[2]   UNAIDS Report June 2000 and updated for World AIDS day 2000.  To be found at

[3]  The HIV/AIDS demographic projections presented here have been made using the most recently calibrated version of the Metropolitan Life Doyle model.  The Doyle Model is widely used and accepted for projecting the HIV/AIDS epidemic in South Africa, and is currently being used to produce projections for several government departments. The model has been developed using data from both South Africa and other African countries affected by HIV/AIDS.

The estimates mentioned here is lower than estimates from other sources, such as the South African Actuarial Society, which put the number of currently infected people in South Africa at 4.5 to 5 million.

[4] Nell Lamond, Women in the AIDS Epidemic, (Positive Outlook Vol. 3(4) Spring 1996) p18

[5] Gender Violence and HIV/AIDS (PACSA Fact sheet No 46 November 1999) p2

[6] South African Department of Health’s Demographic and Health Survey of 1998

[7] Hein Marias, To the Edge: AIDS Review 2000 (Pretoria, University of Pretoria, Centre for the Study of AIDS, 2000), p.4.

[8] Thanks to Alison Myesa from the Diakonia Council of Churches’ AIDS Programme, who provided this understanding of the link between HIV/AIDS and poverty from their practical experience of working within the communities of Durban and Kwazulu-Natal which has been experiencing the highest incidence of HIV/AIDS in South Africa.

[9] Sinosizo Home-based care programme provided feedback.

[10] Received this quotation with great thanks from Pamela Couture, Professor of Practical Theology and Pastoral Care, Colgate Rochester Crozer Divinity School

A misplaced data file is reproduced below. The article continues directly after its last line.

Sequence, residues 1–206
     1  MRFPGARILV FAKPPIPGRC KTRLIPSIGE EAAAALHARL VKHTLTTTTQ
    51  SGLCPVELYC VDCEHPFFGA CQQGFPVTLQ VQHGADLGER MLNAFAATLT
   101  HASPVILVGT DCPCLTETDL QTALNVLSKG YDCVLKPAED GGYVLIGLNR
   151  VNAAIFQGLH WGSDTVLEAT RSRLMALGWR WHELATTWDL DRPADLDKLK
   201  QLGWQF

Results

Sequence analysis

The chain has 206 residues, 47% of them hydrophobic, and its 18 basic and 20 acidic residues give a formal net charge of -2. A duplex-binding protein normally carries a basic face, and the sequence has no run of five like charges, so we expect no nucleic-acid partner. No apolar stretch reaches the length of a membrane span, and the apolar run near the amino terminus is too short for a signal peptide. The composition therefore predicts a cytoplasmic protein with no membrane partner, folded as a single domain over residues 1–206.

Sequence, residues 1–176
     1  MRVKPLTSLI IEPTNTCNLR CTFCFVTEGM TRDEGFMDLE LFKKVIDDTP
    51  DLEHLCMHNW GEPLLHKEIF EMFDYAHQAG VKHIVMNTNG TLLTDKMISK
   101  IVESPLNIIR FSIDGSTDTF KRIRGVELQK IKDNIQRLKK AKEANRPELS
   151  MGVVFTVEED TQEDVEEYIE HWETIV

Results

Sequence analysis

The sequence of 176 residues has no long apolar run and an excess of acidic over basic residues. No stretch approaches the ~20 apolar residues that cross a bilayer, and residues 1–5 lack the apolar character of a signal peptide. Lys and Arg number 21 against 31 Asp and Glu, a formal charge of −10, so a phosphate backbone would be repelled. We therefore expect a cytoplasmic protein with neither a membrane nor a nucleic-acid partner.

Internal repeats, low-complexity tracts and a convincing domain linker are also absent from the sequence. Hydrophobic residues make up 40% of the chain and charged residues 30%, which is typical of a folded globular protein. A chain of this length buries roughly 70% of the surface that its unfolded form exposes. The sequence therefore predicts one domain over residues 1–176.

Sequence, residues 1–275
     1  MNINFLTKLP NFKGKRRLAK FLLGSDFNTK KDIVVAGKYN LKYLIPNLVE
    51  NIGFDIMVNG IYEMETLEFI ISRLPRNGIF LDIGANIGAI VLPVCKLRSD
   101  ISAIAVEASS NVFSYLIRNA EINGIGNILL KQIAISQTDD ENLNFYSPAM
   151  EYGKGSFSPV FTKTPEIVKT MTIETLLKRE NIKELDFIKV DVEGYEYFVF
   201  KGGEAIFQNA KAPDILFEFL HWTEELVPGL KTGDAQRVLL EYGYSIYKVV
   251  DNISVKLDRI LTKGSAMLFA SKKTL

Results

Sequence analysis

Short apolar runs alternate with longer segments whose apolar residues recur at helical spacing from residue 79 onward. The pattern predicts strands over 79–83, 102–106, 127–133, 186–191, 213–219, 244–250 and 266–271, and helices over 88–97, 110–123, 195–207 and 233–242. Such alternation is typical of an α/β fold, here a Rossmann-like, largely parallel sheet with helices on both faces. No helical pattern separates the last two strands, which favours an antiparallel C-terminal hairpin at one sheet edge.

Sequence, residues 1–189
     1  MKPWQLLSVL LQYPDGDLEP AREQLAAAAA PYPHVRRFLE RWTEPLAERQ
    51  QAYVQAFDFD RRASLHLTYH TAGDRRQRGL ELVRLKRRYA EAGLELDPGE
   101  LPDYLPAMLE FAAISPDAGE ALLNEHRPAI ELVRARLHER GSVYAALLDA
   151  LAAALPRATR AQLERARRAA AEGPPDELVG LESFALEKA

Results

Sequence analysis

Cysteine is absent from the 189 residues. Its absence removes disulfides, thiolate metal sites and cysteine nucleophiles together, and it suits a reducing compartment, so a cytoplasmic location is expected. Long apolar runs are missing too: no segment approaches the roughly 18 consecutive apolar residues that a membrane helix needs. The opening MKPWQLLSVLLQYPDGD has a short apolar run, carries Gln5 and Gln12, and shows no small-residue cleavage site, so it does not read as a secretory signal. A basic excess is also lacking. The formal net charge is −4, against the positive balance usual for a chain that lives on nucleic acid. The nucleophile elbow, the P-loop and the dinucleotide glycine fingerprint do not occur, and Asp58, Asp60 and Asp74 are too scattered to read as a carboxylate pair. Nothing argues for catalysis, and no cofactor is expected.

[11] From The United Methodist Church's Resolution on "AIDS and The Healing Ministry of the Church," The book of resolutions, 1992

[12] This confession was officially adopted by the Synod of the Dutch Reformed Mission Church in South Africa in session at Belhar, Cape Town, in 1986 following the declaration of a status confessionis in connection with the rejection of the defence of apartheid on moral and theological grounds. The confession of Belhar and its history can be downloaded from the website of the Uniting Reformed Church in Southern Africa at

[13]  Paper presented by Dr. Zola Skweyiya, Minister of Social Development of South Africa, at the National Religious Association for Social Development  (NRASD) / Evangelical Fellowship of Southern Africa (EFSA) Institute conference, Escom Centre, Midrand, 7 August 2000

[14]  Quoted by Prof Piet Naudé at a conference for religious leaders Bureau for Continued Theological Education of the Dutch Reformed Church, Bellville, August 2000.

[15] The National Population Unit (NPU) of the Department of Social Development of South Africa has undertaken the compilation of South African case studies of good practices in HIV/AIDS awareness, prevention and care. The “I Have Hope” Peer Group Project, presented with the help of Old Mutual, one of the largest life assurance companies in Southern Africa, represents one of such case studies

[16] South Africa National Youth Survey 2000, a national survey funded by the Henry J Kaiser Family Foundation (a summary report was put out by loveLife called Hot Prospects Cold Facts. Portrait of Young South Africa,

[17]  Impending catastrophe revisited - An update on the HIV/AIDS epidemic in South Africa (Report commissioned by the Henry J Kaiser Family Foundation, compiled by Abt Associates (South Africa) Inc and published by loveLife) p22-23

[18] Williams, B, Catherine McPhail, et al, The Carletonville Mothusimpilo project – limiting transmission of HIV through community based interventions, published in the South Africa journal of science, volume 96, no 6 p351-359)

[19]   Impending catastrophe revisited - An update on the HIV/AIDS epidemic in South Africa (Report commissioned by the Henry J Kaiser Family Foundation, compiled by Abt Associates (South Africa) Inc and published by loveLife) p20

[20] (Compiled by José Luis González-Balado, Mother Theresa in my own words, Gramercy Books, New York, 1996, page 29)